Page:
Innovation House is a DARPA
-funded study administered by George Mason University. This Request
for Proposals (RFP) provides a description of the effort, including requirements for participation, details on how
to submit a proposal, project timeline and evaluation criteria.
Please submit questions through the Frequently Asked Questions (FAQ) facility. The FAQ on this website will be updated throughout the submission period.
Innovation House Project Description
The DARPA Innovation House is a study into the feasibility of effective software design and development in a short-fuse, crucible-style living and working environment. DARPA selected imagery analysis as the topic for the effort. DARPA aims to show that small teams of highly focused, collaborative developers operating under extremely short deadlines can make breakthroughs in automatically obtaining meaning from photos, videos, geospatial data and other imagery-related data.
Proposals are sought describing how teams would design, build and demonstrate a radical, novel software-based research approach to innovation in the general area of extracting meaningful content from large volumes and variety of visual and geospatial media.
Each small team of software developers will meet daily, five days per week, in a workspace in Arlington, Virginia, for an anticipated eight weeks (pending review of deliverables) from September 17, 2012, to November 9, 2012, to explore proposed approaches. Teams will reside in lodging provided by George Mason University near the research site.
Teams will have access to mentors and visitors from academia and multiple U.S. Government agencies, including both military and intelligence communities' specialists.
The study will run over eight weeks, divided into two four-week sessions. In the first session, teams are expected to produce a design and demonstrate initial software capabilities as proofs of concept for their proposed novel approaches. The subsequent investigative session will culminate in the demonstration of capabilities in a functional software configuration.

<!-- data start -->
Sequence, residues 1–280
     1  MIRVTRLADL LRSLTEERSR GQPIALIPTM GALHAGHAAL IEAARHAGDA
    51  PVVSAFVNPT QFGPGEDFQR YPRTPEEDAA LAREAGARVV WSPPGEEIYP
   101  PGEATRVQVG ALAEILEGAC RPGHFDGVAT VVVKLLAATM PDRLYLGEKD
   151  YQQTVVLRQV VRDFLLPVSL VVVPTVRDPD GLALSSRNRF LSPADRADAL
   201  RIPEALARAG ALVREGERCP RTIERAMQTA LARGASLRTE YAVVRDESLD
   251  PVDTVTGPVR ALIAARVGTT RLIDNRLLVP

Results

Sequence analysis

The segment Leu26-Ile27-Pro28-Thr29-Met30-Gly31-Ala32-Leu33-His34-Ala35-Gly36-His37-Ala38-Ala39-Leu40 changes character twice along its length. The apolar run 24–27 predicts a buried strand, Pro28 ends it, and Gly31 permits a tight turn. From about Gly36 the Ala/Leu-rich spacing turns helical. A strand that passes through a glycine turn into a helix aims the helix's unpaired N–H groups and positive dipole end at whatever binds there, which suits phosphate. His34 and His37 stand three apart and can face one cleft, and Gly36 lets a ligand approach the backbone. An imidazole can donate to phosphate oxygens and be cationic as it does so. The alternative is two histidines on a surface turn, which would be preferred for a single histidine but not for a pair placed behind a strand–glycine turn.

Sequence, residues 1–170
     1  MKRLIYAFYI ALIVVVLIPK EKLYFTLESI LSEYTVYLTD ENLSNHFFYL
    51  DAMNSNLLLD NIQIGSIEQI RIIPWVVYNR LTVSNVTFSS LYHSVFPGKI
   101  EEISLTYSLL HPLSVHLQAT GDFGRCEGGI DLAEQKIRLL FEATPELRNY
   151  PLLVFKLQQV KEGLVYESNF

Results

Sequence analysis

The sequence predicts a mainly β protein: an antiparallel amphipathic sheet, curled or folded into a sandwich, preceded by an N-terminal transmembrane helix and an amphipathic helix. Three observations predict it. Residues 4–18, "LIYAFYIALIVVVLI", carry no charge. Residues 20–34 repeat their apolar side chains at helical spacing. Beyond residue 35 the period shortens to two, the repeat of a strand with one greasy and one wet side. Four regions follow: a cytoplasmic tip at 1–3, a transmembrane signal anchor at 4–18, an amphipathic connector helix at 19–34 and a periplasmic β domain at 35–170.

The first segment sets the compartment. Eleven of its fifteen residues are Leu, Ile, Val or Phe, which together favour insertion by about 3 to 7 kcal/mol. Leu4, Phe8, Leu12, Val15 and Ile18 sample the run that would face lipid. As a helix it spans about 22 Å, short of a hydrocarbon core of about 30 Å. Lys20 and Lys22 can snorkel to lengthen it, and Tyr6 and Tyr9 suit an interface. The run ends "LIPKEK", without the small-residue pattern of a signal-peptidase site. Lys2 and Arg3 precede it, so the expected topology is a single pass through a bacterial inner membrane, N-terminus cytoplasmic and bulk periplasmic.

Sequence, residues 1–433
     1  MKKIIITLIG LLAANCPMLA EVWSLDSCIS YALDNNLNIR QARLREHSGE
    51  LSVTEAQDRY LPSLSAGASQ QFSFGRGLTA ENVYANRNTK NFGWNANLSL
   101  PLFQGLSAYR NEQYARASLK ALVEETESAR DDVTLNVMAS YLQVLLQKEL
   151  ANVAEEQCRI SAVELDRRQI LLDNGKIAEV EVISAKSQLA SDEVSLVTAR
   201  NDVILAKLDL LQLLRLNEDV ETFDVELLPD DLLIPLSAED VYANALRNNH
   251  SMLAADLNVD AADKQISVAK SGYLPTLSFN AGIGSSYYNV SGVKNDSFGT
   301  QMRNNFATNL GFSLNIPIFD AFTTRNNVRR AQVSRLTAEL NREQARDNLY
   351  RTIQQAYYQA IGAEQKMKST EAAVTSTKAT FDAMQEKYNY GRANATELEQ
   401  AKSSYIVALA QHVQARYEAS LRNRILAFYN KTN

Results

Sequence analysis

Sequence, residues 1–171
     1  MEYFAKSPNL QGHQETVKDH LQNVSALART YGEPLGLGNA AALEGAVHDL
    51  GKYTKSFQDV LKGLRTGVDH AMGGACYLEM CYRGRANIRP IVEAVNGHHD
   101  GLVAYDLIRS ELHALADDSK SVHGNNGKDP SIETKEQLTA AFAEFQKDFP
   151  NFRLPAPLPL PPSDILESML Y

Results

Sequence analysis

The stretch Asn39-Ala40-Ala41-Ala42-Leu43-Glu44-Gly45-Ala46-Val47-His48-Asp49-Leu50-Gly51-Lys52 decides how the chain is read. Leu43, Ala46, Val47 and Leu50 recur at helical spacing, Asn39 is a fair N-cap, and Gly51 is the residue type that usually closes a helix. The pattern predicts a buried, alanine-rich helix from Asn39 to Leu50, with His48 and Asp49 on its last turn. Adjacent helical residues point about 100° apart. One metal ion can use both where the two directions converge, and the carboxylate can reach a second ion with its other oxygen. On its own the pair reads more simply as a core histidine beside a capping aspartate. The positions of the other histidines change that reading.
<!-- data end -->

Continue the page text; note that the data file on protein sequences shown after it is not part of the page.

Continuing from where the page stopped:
The primary goal of this study is to test the feasibility of the approach by encouraging teams to explore non-traditional, novel approaches without fear of failure. Because of the high-risk nature of the desired proposal approaches, DARPA recognizes that not every attempt will succeed as envisioned. Failure of the original attempt is acceptable as long as significant learning is demonstrated as to why the radical approach failed, and recommendations are provided for alternative, follow-on approaches that could benefit the imagery analysis community.
This effort does not represent a competition between teams. Every team that demonstrates sufficient progress in the first session will continue into the second session. There is no limit to the capabilities that are needed in understanding large-scale imagery and video data, so all teams can be equally successful.
Except for the requirement to produce software capabilities that obtain understanding from visual, geospatial and imagery-related data, there are no limitations on the applications, products, systems, modules, algorithms or any other software-realizable capabilities that may be proposed. They may run on any electronic systems, including but not limited to computers, tablets and mobile phones.
|10 July 2012||Call for Proposals|
|31 July 2012||
Proposals must be received by 4PM EDT
at George Mason University
|10 August 2012||Team selections announced|
|17 September 2012||Teams arrive in Arlington, VA|
|12 October 2012||End of Phase I|
|09 November 2012||End of Phase II|